In Time: Movie Review
Are you spending your time wisely?
Running out of time?
In Time is the latest movie from Andrew Niccol, writer/director of such thought provoking gems as Gattaca (1997), Lord of War (2005) and screenwriter of the clever Truman Show (1998). He enjoys creating alternate realities where genetic modification has changed society. He uses these ideas to explore modern-day moral dilemmas.
Set at some fairly unattractive point in the future, In Time paints a world where ageing has been genetically altered to stop at 25, after which point each person is given just one more year to live. Each person has a green neon timer silently ticking the seconds away on their left forearm. Time is now the one thing that everybody needs; it can be traded for goods and services, gambled, shared between friends and family or stolen by thuggish “Minutemen.”
There are those who struggle through with only a little bit of time – the blue collar workers of the ghetto who literally live “day to day,” working to earn enough time to make it til tomorrow. Then there are the wealthy members of “New Greenwich” who have so much time, they could effectively live forever. It is suggested, though never adequately explored, that the wealthy deliberately increase the cost of living in the ghetto to force the poor to run out of time, thus keeping the ageless population in check – “Darwinian capitalism” I think was the phrase.
Giving time to the poor
Struggling through from one day to the next is Will Salas (Justin Timberlake), who’s managed to make his 'final year' last for three so far. While drinking with a buddy, Will happens to run into the suicidal Henry Hamilton (Matt Bomer) and… look, I won’t bore you with details of the plot (it's too slow and complicated). Needless to say, Will eventually hooks up with a girl, Sylvia Weis (Amanda Seyfried) and the two kiss, then set about trying to right the wrongs of this society by stealing time from Weis’ fabulously wealthy father and distributing it to the needy, all the time being pursued by a steely-eyed cop, the veteran 'Timekeeper Leon' (Cillian Murphy). Fill in the minutes with some wooden acting, a few car chases and plenty of time-based puns and you have 109 minutes of your life you can never earn back.
What disappointed me most about this film was the lack of decent discussion of the central moral issue – the link between poverty and life expectancy – which is as real in our Australian situation as it is anywhere else in the world. Is it right for some to lazily live forever while others struggle to make it to tomorrow? Our schools, governments, churches and media may not talk about it often, but in Australia today, some members of society, especially Indigenous Australians, live in real poverty by most indicators. Whereas the average Australian can expect to live to 80 or beyond, the average Indigenous Australian has a life expectancy of only 63, with additional factors such as high unemployment and poor health often stretching this difference to more. The same difference, although less marked, exists in Niccol’s native New Zealand. In Time, however, offers no answers to this issue. The wealthy appear content to repeat an unsympathetic mantra: “for some to be immortal, many must die,” while Salas and Weis’ smash-and-grab, Bonnie & Clyde meets Robin Hood solution is simplistic at best, downright childish at worst.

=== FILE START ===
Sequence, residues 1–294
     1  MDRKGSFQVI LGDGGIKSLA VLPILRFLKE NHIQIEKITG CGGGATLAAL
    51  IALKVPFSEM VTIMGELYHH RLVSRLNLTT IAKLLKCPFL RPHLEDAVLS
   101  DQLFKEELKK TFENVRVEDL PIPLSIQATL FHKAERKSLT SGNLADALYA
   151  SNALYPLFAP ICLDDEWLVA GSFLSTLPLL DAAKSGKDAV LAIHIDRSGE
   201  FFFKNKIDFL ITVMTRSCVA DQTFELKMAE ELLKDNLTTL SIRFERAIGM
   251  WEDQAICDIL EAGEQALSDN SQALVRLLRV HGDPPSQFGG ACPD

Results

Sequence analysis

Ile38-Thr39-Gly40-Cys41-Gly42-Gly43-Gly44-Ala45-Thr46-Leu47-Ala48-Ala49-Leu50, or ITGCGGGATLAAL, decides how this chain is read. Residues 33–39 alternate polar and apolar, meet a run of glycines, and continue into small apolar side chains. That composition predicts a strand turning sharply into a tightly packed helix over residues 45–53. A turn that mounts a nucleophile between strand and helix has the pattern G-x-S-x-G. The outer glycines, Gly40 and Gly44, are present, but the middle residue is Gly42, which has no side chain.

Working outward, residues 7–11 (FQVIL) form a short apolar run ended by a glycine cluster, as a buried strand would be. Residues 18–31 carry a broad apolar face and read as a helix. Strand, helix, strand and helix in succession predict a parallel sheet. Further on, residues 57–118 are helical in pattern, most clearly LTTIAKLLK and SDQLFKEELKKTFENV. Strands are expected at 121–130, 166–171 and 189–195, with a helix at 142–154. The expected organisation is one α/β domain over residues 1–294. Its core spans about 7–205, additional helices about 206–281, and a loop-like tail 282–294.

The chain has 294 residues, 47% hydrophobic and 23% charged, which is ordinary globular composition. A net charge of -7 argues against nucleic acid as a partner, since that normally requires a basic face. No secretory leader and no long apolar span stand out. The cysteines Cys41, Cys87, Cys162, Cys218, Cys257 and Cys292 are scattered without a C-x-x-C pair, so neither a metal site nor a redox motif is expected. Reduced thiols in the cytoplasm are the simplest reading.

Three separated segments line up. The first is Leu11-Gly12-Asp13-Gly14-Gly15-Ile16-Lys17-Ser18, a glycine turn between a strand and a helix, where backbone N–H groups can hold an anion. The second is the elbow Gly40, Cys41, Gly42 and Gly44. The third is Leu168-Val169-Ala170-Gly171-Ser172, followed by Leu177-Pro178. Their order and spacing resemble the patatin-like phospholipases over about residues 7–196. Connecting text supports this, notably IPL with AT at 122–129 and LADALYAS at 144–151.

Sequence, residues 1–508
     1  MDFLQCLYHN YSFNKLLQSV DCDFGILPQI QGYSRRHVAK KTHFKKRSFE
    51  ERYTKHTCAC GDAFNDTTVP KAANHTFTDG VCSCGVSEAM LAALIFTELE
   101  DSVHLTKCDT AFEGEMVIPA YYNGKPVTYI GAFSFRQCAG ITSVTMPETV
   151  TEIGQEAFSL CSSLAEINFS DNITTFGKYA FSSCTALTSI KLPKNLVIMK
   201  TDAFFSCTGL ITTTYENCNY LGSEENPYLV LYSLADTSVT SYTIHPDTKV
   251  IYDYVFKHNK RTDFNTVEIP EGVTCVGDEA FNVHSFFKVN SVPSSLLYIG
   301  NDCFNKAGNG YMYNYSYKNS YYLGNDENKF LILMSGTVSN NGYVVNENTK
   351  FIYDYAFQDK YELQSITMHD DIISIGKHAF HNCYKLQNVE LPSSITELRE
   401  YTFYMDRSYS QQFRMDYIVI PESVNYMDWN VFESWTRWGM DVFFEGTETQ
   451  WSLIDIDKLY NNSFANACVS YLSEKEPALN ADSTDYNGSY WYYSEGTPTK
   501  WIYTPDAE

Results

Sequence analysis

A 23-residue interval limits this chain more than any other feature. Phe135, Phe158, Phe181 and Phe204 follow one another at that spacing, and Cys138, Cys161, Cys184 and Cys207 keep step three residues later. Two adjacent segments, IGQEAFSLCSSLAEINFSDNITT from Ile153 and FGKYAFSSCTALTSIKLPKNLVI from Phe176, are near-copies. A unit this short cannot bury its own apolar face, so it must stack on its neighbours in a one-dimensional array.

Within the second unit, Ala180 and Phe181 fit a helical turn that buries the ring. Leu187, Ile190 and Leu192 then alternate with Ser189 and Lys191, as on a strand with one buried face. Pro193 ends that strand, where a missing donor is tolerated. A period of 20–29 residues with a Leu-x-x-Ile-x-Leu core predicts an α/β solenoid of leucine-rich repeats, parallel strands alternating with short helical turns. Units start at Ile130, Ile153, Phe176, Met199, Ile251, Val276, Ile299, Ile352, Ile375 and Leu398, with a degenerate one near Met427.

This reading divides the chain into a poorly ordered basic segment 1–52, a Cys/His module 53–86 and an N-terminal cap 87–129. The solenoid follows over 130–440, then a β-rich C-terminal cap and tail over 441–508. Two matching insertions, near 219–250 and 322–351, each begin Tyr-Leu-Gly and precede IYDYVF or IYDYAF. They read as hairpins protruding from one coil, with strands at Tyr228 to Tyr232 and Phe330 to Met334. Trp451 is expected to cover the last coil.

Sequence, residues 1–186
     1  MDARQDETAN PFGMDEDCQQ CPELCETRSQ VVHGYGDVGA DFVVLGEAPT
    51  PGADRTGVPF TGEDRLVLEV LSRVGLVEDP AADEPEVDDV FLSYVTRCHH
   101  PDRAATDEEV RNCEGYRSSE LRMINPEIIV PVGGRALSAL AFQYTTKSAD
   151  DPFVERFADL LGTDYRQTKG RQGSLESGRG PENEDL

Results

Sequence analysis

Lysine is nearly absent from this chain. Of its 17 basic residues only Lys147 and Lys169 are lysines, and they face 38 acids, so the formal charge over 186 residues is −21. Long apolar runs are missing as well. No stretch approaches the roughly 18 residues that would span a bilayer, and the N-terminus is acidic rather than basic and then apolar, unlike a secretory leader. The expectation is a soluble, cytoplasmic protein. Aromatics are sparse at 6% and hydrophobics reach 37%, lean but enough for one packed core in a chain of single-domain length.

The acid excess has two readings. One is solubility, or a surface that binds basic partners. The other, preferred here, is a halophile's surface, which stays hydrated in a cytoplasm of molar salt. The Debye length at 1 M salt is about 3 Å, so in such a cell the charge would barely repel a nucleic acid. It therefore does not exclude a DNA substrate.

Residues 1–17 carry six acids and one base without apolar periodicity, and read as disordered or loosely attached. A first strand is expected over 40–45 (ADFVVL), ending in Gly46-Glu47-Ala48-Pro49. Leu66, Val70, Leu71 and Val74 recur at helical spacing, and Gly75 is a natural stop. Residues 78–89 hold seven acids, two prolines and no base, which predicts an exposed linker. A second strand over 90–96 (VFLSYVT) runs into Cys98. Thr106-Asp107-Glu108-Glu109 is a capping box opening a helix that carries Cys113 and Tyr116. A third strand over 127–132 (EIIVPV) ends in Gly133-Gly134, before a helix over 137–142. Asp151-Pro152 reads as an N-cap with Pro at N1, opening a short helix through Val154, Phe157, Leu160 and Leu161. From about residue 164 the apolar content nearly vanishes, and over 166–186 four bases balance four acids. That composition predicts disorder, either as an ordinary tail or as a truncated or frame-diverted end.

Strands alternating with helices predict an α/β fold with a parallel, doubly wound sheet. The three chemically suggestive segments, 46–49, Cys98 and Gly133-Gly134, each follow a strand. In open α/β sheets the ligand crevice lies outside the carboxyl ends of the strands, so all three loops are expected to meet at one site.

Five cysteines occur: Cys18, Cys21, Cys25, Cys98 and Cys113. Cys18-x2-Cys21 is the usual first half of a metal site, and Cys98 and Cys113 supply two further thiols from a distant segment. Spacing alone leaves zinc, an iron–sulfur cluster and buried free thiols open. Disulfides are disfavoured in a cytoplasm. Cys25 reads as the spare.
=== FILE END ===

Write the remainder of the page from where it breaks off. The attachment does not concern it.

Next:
A Christian approach to poverty
As always, Jesus offers an alternative solution which is neither unsympathetic nor overly simplistic. To those who have plenty of everything – time and resources – Jesus reminds us to look to the needs of others before ourselves. Many times in the gospels, Jesus encourages, commands and commends looking after those in poverty. “Sell everything you have and give to the poor,” Jesus commands the rich ruler in Luke 18, “and you will have treasure in heaven.” Unfortunately for everyone, this is not an easy command to follow. And to those who are struggling with many needs and worries, Jesus reminds us of who is really in charge of tomorrow. “Can any one of you by worrying add a single hour to your life?” asks Jesus in Matthew 6, “Seek first God’s kingdom and his righteousness, and all the things you need will be given to you as well.” This too is confronting to follow.
Ultimately, the Bible reminds those of us who yearn for immortality that our days on Earth are numbered, the 'invisible green neon clock' is constantly ticking, and there is no way we can steal, borrow or earn even another second beyond that which is allotted to us. The question therefore for all of us is not how much time do you have left, but how will you seek first God’s Kingdom in the time you’ve got?